Shakur Stevenson wanted nothing more than to walk to the ring as a defending 130-pound champion in his hometown Friday night.

His growing body just wouldn’t cooperate anymore.

The 25-year-old Stevenson came in 1.6 pounds overweight Thursday for his 12-round fight against Robson Conceicao. He was afforded two hours by New Jersey’s State Athletic Control Board to return to its scale at 130 pounds or lower, but Stevenson conceded that he couldn’t shed the additional weight and relinquished his WBC super featherweight and WBO junior lightweight titles.

Stevenson confirmed in a Tweet soon after Thursday’s weigh-in that he will move up to the lightweight limit of 135 pounds for his next fight.

“I gave it my all,” Stevenson stated in his Tweet. “I’ve been a professional my whole career and made weight, but my body just can’t make 130 anymore. My health has to come first. I’m moving up to 135 in my next fight.”

The 135-pound division could provide several fascinating fights for Stevenson (18-0, 9 KOs), most notably showdowns with undefeated, undisputed lightweight champion Devin Haney, unbeaten WBA secondary champ Gervonta Davis and former WBA/WBC/WBO champ Vasiliy Lomachenko.

Brazil’s Conceicao (17-1, 8 KOs) came in at 129.6 pounds Thursday. The 2016 Olympic gold medalist thus can win the WBC and WBO belts his opponent surrendered if he upsets Stevenson in a main event ESPN will televise from Prudential Center in Stevenson’s native Newark, New Jersey (10 p.m. ET).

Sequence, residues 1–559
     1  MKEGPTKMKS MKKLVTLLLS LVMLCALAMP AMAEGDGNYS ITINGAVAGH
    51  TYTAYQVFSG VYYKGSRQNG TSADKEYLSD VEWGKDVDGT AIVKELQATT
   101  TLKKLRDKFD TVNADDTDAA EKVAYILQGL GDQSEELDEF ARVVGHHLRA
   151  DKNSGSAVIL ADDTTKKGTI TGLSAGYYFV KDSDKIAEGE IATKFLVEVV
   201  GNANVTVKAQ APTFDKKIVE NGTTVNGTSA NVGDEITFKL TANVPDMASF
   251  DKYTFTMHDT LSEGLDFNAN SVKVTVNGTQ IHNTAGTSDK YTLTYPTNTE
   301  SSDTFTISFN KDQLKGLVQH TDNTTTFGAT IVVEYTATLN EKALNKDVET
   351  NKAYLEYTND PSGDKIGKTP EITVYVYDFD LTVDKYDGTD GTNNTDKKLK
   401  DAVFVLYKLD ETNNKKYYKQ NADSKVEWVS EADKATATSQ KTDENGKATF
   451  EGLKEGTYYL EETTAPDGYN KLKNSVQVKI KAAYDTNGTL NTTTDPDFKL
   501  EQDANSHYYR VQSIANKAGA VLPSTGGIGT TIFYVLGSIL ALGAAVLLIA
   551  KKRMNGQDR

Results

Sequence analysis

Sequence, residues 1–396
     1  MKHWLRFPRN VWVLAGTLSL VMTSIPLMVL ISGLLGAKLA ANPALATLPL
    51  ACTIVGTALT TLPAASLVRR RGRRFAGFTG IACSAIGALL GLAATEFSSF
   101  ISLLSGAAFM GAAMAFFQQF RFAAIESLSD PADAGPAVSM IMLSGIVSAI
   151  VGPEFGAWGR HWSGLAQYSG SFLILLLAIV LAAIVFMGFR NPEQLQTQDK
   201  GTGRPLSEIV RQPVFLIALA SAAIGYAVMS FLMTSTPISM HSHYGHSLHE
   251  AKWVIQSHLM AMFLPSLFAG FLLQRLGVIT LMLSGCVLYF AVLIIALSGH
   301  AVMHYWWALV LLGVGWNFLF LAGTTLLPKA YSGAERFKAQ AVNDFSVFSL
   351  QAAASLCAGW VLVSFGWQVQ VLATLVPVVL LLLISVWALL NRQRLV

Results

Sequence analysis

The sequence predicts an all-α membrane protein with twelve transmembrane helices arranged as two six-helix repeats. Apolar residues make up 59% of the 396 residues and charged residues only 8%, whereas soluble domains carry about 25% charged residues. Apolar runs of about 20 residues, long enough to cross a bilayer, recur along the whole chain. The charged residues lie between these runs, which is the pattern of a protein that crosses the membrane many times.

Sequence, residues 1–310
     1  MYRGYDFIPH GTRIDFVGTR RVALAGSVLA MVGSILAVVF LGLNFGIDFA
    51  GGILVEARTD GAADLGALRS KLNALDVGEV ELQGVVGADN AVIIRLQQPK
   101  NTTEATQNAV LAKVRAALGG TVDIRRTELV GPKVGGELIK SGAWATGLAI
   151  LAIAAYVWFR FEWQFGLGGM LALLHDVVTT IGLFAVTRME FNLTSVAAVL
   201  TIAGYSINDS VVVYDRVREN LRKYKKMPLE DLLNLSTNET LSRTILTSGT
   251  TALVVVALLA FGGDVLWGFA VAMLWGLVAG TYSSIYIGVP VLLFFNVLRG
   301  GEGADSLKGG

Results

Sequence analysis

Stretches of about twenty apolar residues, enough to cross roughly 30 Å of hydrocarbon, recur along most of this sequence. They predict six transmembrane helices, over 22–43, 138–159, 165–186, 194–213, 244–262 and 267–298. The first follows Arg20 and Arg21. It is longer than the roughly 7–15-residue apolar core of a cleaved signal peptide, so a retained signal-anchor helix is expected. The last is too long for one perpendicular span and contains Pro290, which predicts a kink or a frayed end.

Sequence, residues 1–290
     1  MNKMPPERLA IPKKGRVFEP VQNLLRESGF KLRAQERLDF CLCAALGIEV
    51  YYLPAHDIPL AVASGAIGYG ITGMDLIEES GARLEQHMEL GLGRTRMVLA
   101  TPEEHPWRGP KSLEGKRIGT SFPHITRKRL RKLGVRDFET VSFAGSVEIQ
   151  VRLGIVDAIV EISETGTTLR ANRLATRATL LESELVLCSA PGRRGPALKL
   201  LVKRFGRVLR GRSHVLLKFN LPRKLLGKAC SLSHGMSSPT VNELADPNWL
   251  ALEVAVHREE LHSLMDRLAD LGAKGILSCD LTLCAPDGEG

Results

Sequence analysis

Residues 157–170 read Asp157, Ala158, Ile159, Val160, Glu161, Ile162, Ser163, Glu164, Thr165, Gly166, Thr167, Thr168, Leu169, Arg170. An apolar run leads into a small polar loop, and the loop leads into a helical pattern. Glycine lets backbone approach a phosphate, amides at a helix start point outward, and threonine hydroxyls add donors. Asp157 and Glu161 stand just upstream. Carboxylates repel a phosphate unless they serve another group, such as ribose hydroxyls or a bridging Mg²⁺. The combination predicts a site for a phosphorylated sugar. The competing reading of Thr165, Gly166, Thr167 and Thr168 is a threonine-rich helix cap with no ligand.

Stevenson went 5-0 in fights at the junior lightweight limit of 130 pounds since June 2020. His successful run as a 130-pounder included dominant performances against champions Jamel Herring (WBO), whom Stevenson stopped in the 10th round last October 23 at State Farm Arena in Atlanta, and Oscar Valdez (WBC).

The left-handed Stevenson dropped Mexico’s Valdez (30-1, 23 KOs) in the sixth round and thoroughly outboxed him to become a unified champion April 30 at MGM Grand Garden Arena in Las Vegas. Stevenson previously owned the WBO featherweight title, but he moved up to the junior lightweight division without defending that 126-pound crown.

Keith Idec is a senior writer/columnist for He can be reached on Twitter @Idecboxing.